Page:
State of Connecticut


While there are some gaps in the available data on the uninsured, the underinsured present an even greater challenge for researchers. Being uninsured, generally defined as lacking health insurance coverage, is a condition that can be measured with some degree of certainty. By contrast, there is no standard definition of "underinsured" and no consistent way to measure this population. Underinsured is a term generally thought to describe individuals who are exposed to significant financial loses or unable to obtain needed care because their insurance coverage is inadequate. The problem for analysts involves distinguishing what is considered adequate coverage from inadequate coverage.

One research team, Short and Banthin, has developed two alternate definitions of "underinsured" and has attempted to quantify the number of non-elderly individuals who fall into this category. (footnote 7) First, they define the underinsured as those who are at risk for out-of-pocket expenditures of more than 10 percent of their income if they experience a catastrophic illness. Using this measure, they estimate that as many as 29 million Americans -- about 18.5 percent of those with private insurance -- were underinsured in 1994. No separate estimates were generated for individual states. However, if the national average is applied to Connecticut's privately insured population, that figure would represent over 400,000 underinsured state residents.

The second definition involves comparing the actuarial value of a plan's benefits package with that of the largest federal employee plan. Individuals with plans less generous than the federal employee package would be considered underinsured. According to this definition, an estimated 15.7 percent of the nation's non-elderly population was underinsured in 1994.

In addition, the researchers looked at specific plan provisions, including lifetime benefit limits; maximum out-of-pocket expenditures for covered services; coverage of outpatient prescription drugs; and coverage of at least 30 days of inpatient mental health services and 30 outpatient visits. Based on this more comprehensive set of measures, Short and Banthin found the following:

The table on the following page contains a more complete summary of their findings on the underinsured.

The Underinsured as a Percent of the Privately Insured Population Under Age 65: 1994
Definition of UnderinsuredPercent Underinsured
Catastrophic illness: Out-of-pocket
expenditures >10 % of family income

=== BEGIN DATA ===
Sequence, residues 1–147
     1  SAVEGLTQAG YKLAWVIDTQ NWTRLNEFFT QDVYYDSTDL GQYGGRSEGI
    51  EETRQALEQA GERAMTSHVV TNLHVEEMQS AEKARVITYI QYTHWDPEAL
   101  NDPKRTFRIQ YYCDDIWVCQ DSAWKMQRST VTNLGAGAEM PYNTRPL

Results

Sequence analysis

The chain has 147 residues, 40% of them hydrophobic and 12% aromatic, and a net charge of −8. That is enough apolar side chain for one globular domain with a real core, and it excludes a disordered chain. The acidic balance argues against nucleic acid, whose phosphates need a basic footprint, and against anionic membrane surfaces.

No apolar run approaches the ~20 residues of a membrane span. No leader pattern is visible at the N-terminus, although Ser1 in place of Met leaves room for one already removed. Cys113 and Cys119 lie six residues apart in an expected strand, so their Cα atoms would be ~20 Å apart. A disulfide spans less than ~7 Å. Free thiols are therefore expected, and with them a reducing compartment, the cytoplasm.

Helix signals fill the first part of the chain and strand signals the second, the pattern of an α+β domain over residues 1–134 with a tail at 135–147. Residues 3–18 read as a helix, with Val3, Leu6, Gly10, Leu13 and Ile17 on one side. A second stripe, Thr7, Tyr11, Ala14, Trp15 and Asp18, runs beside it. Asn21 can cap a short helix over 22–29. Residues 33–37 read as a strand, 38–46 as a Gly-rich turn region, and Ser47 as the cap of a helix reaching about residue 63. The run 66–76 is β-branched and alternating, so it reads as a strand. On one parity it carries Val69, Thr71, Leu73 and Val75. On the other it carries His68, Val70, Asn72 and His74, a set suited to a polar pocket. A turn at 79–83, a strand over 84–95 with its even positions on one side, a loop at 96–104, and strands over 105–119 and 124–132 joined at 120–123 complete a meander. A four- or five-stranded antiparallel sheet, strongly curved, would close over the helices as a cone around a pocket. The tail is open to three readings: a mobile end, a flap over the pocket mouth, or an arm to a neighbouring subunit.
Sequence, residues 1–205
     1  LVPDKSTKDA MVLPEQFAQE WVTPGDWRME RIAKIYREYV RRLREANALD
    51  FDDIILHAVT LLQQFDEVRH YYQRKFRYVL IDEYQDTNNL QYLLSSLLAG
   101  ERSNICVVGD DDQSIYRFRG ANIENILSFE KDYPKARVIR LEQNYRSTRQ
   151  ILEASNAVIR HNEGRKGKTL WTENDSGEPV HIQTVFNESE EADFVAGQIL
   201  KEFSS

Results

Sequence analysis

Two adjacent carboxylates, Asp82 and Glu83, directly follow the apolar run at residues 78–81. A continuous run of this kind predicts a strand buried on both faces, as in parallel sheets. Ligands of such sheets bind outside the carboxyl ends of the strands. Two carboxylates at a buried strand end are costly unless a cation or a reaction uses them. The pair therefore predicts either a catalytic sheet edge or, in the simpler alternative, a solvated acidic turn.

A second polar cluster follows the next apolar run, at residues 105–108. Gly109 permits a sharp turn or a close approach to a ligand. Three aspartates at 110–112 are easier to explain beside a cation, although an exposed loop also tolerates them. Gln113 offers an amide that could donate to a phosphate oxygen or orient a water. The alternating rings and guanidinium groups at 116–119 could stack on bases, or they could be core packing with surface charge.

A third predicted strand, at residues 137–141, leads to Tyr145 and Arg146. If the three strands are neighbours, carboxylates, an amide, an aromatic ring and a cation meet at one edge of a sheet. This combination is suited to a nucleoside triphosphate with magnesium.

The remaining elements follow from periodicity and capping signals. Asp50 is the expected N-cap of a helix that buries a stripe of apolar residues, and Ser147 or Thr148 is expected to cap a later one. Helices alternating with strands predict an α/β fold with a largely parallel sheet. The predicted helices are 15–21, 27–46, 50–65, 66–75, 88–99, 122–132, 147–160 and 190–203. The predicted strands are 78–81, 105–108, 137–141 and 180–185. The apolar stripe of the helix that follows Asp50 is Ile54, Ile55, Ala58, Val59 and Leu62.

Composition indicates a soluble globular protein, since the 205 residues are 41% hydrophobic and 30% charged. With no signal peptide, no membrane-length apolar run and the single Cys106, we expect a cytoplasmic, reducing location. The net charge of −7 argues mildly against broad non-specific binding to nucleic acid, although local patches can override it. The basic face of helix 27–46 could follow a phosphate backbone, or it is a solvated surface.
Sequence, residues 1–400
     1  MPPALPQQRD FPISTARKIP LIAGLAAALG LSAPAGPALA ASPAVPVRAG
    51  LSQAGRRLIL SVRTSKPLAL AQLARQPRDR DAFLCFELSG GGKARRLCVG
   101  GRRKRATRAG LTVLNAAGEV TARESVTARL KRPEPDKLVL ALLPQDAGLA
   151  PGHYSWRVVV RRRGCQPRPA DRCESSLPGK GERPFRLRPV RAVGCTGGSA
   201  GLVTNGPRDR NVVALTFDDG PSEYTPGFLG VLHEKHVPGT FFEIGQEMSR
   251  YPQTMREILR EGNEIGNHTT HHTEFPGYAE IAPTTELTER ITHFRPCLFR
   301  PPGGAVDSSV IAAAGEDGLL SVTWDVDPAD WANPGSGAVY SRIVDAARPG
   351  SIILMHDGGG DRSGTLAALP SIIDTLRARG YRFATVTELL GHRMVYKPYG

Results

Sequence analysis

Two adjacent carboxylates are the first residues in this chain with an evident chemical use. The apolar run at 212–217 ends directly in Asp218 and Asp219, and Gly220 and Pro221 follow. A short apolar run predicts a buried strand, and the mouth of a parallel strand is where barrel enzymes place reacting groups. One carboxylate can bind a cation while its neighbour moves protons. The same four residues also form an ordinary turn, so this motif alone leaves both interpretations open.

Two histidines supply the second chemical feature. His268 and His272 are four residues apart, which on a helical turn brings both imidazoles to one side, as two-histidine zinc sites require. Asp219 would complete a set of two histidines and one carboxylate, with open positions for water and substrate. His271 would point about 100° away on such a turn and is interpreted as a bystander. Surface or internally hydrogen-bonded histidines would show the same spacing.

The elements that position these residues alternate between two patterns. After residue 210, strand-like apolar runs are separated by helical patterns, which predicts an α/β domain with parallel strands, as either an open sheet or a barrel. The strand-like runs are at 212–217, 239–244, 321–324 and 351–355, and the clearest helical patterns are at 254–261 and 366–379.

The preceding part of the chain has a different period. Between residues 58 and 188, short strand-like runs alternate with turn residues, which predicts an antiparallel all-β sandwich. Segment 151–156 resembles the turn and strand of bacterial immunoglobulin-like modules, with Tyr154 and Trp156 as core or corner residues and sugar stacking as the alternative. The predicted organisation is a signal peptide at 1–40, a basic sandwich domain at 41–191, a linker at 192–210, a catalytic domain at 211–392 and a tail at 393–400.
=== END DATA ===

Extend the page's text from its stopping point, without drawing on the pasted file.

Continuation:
18.5 %
Actuarial Value:
Federal employee standard
15.7 %
Lacks the following features of the federal
employee benefit package:
Unlimited lifetime benefits(footnote 8) 52.8%
Out-of-pocket expenses limited to
$1,500 per person
51.4 %
No cost sharing for well child care84.0 %
greater than or equal to 30 days of inpatient
mental health benefits
17.1 %
greater than or equal to 30 days of outpatient
mental health benefits
34.1 %
Prescription drug coverage13.4 %
Source: Farley & Banthin, Journal of the American Medical Association, data from Agency for Health Care Policy and Research.

Characteristics of the Underinsured
The underinsured share many demographic characteristics with the uninsured. In general, according to either definition presented above, those who work for smaller employers, those who had lower incomes and those in poorer health had the greatest risk of being underinsured. In addition, individuals with non-group policies were more likely to be underinsured than those covered by group insurance plans.

Using the catastrophic illness definition, two age groups are disproportionately represented among the underinsured: young adults (ages 19-24) and early retirees or adults near retirement (ages 55-64). Young adults generally have lower incomes and are less likely to work at jobs that have comprehensive insurance coverage. Early retirees or those near retirement are not yet eligible for Medicare and tend to have a greater need for medical services than members of younger age groups.

Percent of the Privately Insured Population Under Age 65
by Demographic Characteristics: 1994

Characteristics% Underinsured for
Catastrophic Illness
% Underinsured by
Actuarial Value of Plan
Non-group insurance40.7 %23.9 %
Group Plans, # of members
1-25 24.3 % 24.0 %
26-100 21.8 % 14.2 %
101-500 17.7 % 11.3 %
501-1,000 12.3 % 13.7 %
> 5,000 13.2 % 14.1 %
Age Group:
19 18.3 % 16.9 %
19-24 23.4 % 13.3 %
25-34 19.1 % 15.4 %
35-54 14.9 % 15.4 %
55-64 25.8 % 15.1 %
Black23.1% 14.3 %
Hispanic23.1% 18.6 %
White 17.7% 15.6 %
Male17.0% 15.9 %
Female20.0% 15.4 %
Perceived Health Status:
Excellent 16.7 % 16.6 %
Good 18.6 % 14.5 %
Fair 22.4 % 18.2 %
Poor 34.7 % 19.4 %
Family income, % poverty:
or 61.6 % 12.3 %
126-200% 31.7 % 17.1 %
201-400% 17.9 % 16.8 %
>400% 8.0 % 14.8 %
Source: Farley and Banthin, Journal of the American Medical Association, data from Agency for Health Care Policy and Research.

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